Muscarinic Receptor Agonists and Antagonists: Effects on Cardiovascular Function

  • Robert D. HarveyEmail author
Part of the Handbook of Experimental Pharmacology book series (HEP, volume 208)


Muscarinic receptor activation plays an essential role in parasympathetic regulation of cardiovascular function. The primary effect of parasympathetic stimulation is to decrease cardiac output by inhibiting heart rate. However, pharmacologically, muscarinic agonists are actually capable of producing both inhibitory and stimulatory effects on the heart as well as vasculature. This reflects the fact that muscarinic receptors are expressed throughout the cardiovascular system, even though they are not always involved in mediating parasympathetic responses. In the heart, in addition to regulating heart rate by altering the electrical activity of the sinoatrial node, activation of M2 receptors can affect conduction of electrical impulses through the atrioventricular node. These same receptors can also regulate the electrical and mechanical activity of the atria and ventricles. In the vasculature, activation of M3 and M5 receptors in epithelial cells can cause vasorelaxation, while activation of M1 or M3 receptors in vascular smooth muscle cells can cause vasoconstriction in the absence of endothelium. This review focuses on our current understanding of the signaling mechanisms involved in mediating these responses.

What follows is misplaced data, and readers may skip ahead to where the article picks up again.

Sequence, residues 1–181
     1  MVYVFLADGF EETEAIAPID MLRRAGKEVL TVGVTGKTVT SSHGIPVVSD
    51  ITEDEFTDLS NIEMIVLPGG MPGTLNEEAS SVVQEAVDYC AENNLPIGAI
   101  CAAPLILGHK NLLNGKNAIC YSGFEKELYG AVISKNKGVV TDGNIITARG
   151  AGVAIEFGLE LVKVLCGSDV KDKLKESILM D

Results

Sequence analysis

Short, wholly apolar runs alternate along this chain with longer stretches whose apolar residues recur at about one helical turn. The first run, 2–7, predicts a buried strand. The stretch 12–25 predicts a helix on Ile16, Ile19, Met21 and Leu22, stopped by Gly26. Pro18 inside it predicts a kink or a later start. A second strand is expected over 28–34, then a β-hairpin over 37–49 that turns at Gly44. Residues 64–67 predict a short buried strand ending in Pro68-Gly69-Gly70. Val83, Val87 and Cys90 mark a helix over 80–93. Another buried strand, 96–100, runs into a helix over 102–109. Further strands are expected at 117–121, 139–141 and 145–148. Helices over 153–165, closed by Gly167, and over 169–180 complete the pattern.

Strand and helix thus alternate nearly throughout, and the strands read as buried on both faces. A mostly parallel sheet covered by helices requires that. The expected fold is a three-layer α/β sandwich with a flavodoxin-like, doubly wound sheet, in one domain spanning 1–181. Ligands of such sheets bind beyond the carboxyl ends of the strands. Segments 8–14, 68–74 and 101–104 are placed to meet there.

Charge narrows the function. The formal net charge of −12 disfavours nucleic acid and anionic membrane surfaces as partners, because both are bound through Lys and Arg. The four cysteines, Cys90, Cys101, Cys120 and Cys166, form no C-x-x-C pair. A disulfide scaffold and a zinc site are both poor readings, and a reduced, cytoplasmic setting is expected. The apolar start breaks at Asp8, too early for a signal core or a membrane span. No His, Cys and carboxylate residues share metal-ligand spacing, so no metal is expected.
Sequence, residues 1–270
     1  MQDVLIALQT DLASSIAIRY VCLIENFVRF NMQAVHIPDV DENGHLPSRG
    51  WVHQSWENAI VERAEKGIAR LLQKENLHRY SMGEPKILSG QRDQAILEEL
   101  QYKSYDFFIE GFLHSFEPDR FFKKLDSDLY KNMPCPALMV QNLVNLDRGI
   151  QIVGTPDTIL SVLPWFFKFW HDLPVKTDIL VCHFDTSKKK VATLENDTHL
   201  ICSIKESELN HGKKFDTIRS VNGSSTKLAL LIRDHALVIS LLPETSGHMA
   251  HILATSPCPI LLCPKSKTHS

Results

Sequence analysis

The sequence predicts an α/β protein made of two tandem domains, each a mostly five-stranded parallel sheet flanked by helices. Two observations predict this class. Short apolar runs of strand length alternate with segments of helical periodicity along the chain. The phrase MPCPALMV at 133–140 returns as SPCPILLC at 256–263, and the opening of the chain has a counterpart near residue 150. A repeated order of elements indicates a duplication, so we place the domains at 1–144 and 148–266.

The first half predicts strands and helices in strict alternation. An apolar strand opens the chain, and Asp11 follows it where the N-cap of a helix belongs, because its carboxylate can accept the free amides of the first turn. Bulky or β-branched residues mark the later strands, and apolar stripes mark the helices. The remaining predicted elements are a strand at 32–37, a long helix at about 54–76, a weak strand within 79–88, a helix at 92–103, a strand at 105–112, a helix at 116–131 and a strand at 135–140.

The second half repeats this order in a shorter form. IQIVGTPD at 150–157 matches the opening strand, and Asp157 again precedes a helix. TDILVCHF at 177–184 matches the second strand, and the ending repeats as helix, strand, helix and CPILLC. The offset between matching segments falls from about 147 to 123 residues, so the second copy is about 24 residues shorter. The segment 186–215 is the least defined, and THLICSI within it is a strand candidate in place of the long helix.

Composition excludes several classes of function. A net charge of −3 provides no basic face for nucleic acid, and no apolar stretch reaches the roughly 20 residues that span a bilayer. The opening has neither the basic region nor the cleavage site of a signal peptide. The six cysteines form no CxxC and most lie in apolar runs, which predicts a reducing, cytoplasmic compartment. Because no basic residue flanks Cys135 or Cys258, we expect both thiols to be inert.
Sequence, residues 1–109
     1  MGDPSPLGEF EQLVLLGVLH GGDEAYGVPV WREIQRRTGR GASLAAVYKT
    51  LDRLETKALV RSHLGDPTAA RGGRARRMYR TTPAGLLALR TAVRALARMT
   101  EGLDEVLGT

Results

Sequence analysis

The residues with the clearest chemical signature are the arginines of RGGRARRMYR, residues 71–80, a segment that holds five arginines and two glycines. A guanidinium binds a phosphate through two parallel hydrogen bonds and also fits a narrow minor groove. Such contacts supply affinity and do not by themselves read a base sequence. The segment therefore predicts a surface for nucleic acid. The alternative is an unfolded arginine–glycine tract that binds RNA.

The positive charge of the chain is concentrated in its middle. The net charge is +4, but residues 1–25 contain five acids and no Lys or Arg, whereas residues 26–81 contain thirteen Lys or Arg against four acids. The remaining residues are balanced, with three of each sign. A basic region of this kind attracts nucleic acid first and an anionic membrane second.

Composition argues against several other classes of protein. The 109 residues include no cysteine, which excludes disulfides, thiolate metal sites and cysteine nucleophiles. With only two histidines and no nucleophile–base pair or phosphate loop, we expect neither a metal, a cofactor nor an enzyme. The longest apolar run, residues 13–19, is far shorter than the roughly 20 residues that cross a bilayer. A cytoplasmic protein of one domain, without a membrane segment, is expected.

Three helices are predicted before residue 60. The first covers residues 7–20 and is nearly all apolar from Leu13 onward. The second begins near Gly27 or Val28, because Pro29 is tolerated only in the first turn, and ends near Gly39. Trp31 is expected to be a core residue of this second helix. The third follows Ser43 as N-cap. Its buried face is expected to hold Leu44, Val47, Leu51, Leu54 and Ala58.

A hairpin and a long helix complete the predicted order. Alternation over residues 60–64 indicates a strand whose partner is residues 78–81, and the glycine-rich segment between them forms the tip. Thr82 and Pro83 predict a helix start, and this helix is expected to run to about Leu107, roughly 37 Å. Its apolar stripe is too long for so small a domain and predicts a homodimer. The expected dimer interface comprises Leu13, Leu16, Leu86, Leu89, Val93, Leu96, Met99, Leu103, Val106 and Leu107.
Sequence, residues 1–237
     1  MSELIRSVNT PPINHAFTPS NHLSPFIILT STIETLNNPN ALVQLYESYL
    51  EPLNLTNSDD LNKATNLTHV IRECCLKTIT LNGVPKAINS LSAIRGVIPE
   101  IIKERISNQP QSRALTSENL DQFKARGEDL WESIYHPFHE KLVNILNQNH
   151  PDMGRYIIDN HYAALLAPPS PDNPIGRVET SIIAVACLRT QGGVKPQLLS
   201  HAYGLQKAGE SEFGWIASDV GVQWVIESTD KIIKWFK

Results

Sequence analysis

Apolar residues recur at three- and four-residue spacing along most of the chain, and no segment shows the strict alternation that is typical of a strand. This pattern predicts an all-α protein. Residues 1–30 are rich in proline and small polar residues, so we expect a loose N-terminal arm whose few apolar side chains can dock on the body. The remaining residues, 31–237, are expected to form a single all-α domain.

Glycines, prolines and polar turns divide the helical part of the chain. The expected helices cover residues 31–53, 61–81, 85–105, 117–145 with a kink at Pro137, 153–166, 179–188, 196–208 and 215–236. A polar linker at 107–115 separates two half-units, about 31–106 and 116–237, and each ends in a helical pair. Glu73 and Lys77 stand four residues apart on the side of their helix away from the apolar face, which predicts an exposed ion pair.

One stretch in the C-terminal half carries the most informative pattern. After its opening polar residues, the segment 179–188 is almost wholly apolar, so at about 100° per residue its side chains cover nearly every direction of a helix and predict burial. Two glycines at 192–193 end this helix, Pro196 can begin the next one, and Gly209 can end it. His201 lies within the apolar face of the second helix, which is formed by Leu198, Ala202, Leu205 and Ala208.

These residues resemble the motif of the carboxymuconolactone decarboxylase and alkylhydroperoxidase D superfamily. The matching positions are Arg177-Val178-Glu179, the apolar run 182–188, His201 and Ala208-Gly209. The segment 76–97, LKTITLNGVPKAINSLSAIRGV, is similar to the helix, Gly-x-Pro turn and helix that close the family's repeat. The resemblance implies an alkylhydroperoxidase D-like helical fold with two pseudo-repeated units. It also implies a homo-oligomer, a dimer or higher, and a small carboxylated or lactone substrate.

Blood vessels Cardiac muscle Heart Vascular endothelium Vascular smooth muscle 


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Authors and Affiliations

  1. 1.Department of PharmacologyUniversity of Nevada School of MedicineRenoUSA

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